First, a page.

For our upcoming cross-country ski trip our oldest decided that she was going to make banana bread to bring along and she was going to make it herself.
When I lived in Norway I decided to make up a batch and see what it was all about. Well, I though I did something wrong or something was bad, as it tasted strange and was not my cup of tea. Then years later I tried someone else’s banana bread and I realized… no, that is what banana bread tastes like. Since there were many other cakes and treats in the world I liked, I never looked back.Add a comment
By Kari Svenneby
You might think I’m a cross-country skiing expert since I’m from Norway. Though it is true that cross-country skiing is the national sport of Norway, it’s not like everyone is skiing like they should be the next Bjørn Dæhlie.
For most Norwegians it is more of a lifestyle and a way to get around to enjoy nature. If you ever get a chance to ski in Norway after a snowfall you will notice everyone is outside skiing; from the old to the young or the athletic to the handicapped. Some will even put on their skis for their commute to the office.Add a comment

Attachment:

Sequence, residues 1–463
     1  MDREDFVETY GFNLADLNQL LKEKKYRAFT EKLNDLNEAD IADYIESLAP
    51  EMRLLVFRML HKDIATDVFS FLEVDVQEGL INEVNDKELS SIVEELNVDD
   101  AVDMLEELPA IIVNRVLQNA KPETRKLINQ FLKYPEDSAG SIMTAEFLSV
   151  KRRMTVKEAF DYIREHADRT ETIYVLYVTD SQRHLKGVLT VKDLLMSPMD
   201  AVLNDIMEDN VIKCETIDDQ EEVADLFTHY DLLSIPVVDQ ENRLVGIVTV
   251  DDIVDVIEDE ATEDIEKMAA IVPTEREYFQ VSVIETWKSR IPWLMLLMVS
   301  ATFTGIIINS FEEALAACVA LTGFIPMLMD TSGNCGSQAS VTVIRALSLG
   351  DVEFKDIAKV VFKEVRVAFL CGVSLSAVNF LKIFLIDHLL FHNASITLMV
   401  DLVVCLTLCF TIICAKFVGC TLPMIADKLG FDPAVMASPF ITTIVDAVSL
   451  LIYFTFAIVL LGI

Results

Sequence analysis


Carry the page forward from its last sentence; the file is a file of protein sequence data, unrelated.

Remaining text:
Last week we had a few cold days in Toronto, but with little snow. So what do you do when there are freezing conditions but no snow? We play with ice and create art. This is not just for kids, but also for everyone who is a child at heart. This past week has also been fun with all the interaction on Instagram and Facebook, it is great to hear how our readers play with ice and see how their posts can inspirer others to play more with ice.Add a comment
Once upon a time (About 6 years ago) there was a Norwegian woman and her daughter. They were all alone in a frozen empty city park. She just wanted her daughter to have other children to play with like she did when she was a kid, outside in all kinds of weather. She even resorted to bribery, enticing passing by parents and their children to stop for hot chocolate, coffee and homemade Norwegian waffles.Add a comment
By Marghanita Hughes
When I was young I was rarely inside. I had a carefree childhood thanks to my wonderful nature loving, artistic parents.
I believe, the time I have spent outdoors with my children when they were very young has created habits that are both healthy for their bodies and healthy for nature. It’s kept them interested and fuelled the need to be outdoors whether it’s skiing; playing volleyball in the backyard; going mountain biking in the forest; pulling up fresh potatoes from the veggie patch or simply sitting under the shade of a large Ponderosa tree reading, If we can engage children at a young age they will develop good habits that will carry on through their lifetime.Add a comment